Looking after our mental health is more important now than it has ever been. Not only are we living through a time of heightened global anxiety, we are constantly being plagued with fear and worry for the safety of our loved ones. We are also dealing with loneliness and enormous upheaval to the way we live sine the outburst of the COVID pandemic in 2020.
All of these stressors can take a huge toll on one’s mental health. As a result, there is a profound need to ensure that our mental health is in check and in tiptop shape. Interestingly, simple lifestyle changes can be all the magic and medicine you need to have your mind and body under control.
Here are 8 lifestyle hacks that can improve your mental health
Cut down on drinking and avoid drugs
Excessive alcohol consumption and misuse of drugs are incredibly harmful to both your physical and mental health. It’s well-known that alcohol is a depressant, which can negatively affect your mood, making you feel low and anxious. Depending on which drugs you misuse, the effects on your mental health can range from depression, anxiety and euphoria, to long-term psychosis, hallucinations and delusions.
There’s a whole host of benefits associated with giving up these substances. This is why it’s so important to take steps to cut back on your drinking (or stop altogether). And avoid drugs completely as a means of improving your mental wellbeing. If you think you have a problem with alcohol or drug misuse, it’s crucial that you seek specialist support. To help you to overcome your addiction.
Make time for self-care.
Brainstorm a list of self-care activities that make you happy and schedule them as part of your daily routine. This could be structured therapy sessions or daily exercise or simply an outdoor walk or time with loved ones. Or something as simple as listening to your favourite songs.
Be kind to yourself.
Change can be hard and often takes time. Allow yourself to have feelings and forgive yourself for mistakes. You are here and doing your best, and that count for a whole lot.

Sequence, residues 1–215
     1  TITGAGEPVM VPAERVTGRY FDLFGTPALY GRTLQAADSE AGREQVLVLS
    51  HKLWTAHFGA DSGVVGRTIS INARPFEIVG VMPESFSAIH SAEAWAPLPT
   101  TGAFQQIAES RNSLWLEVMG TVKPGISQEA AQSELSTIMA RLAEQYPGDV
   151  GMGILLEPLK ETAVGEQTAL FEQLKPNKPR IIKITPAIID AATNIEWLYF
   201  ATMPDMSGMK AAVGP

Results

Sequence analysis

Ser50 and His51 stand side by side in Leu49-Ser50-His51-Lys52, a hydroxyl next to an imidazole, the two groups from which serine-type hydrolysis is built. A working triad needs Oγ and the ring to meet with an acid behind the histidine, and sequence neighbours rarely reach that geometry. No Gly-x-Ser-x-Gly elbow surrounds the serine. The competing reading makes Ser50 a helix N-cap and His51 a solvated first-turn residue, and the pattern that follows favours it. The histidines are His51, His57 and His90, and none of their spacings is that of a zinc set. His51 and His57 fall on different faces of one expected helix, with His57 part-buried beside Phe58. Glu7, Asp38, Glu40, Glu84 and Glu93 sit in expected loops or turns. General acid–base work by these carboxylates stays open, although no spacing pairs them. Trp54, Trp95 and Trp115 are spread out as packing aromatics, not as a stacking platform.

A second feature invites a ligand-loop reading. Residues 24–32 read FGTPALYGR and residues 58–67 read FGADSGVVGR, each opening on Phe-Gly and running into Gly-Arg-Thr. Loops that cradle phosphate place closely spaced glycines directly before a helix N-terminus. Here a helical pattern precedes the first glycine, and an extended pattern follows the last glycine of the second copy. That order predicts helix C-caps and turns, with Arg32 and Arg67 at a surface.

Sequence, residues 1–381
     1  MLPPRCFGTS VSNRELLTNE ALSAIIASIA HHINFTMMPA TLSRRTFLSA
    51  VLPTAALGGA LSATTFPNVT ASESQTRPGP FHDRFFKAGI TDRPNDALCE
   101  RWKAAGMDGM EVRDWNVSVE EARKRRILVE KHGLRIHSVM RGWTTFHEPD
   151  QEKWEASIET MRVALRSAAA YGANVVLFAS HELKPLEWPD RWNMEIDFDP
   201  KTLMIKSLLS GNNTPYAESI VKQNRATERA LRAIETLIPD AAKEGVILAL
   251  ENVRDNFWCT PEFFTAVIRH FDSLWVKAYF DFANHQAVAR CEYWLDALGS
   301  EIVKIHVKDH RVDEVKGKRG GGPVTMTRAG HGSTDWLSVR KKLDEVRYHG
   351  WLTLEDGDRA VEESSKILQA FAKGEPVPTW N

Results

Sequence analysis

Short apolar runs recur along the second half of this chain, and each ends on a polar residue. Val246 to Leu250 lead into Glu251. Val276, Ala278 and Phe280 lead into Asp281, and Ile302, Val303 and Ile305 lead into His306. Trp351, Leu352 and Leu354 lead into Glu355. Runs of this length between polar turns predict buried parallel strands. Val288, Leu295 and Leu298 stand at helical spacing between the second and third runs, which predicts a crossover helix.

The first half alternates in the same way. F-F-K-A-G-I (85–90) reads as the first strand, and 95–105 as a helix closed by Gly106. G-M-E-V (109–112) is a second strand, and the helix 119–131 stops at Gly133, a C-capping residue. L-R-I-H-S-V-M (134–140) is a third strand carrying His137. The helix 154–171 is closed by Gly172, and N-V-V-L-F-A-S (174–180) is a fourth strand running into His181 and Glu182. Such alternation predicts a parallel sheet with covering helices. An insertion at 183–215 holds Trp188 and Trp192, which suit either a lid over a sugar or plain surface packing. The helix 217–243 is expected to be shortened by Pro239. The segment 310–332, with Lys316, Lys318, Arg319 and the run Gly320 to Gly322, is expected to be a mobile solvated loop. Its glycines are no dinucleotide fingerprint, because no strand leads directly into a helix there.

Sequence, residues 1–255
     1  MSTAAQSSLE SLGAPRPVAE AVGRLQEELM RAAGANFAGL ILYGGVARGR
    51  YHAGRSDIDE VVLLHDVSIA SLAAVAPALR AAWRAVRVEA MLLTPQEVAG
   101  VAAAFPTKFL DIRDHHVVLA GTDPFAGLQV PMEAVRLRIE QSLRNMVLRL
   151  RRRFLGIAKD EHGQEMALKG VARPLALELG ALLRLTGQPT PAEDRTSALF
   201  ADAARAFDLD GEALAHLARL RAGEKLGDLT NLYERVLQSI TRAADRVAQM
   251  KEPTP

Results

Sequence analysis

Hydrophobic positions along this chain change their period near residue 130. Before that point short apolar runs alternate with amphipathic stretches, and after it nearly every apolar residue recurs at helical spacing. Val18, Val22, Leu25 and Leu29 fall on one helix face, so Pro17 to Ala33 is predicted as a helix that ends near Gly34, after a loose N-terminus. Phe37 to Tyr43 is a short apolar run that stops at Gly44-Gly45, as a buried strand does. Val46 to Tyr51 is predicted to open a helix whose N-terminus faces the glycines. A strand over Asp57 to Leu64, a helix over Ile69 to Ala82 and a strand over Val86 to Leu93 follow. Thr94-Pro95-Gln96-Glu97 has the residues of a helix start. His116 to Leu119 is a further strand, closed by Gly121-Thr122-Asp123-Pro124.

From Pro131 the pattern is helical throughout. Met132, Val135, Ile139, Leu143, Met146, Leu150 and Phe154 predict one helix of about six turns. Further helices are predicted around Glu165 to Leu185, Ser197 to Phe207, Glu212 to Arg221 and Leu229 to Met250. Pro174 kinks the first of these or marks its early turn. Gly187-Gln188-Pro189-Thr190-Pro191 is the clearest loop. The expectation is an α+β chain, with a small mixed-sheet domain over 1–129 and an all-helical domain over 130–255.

Make sleep a priority.
Studies have found that sleep and mental health are connected. In fact, approximately 65 to 90% of people with major depression also experience a sleep problem. This year, try to go to sleep a little earlier every night and give your body the rest it needs.
Limit your screen time.
Spending too much time on your phone or computer can impact your quality of sleep. It can impact your relationships and even lead to feelings of depression and anxiety. Be conscious of how much time you’re spending online and the impact it has on your mental health. When you figure that out, then make some adjustments, if needed.
Create bite-size targets
Break the goal down into specific actions and schedule them in, making them a priority. Turn these actions into a plan, and you have a blueprint for the steps you need to take and the agency to get started.
It is essential to track progress and to find ways to celebrate the small wins along the journey. This will give you the feeling of progress, the ability to see progress made, and increase motivation as you focus on the actions rather than the outcome.
Learn more about mental health.
One of the best ways to improve your mental health is to understand it. There are online resources available that provide information about common mental health and substance use conditions. Or you can talk to medical professionals to learn more about your specific situation. You can also take a Mental Health First Aid course. MHFA teaches people how to understand, identify and respond to signs and symptoms of common mental health and substance use challenges.
If you find that you are struggling with a mental health problem, it’s important to recognize that specialist support is available. Contact licensed mental wellness experts or psychologists to get help.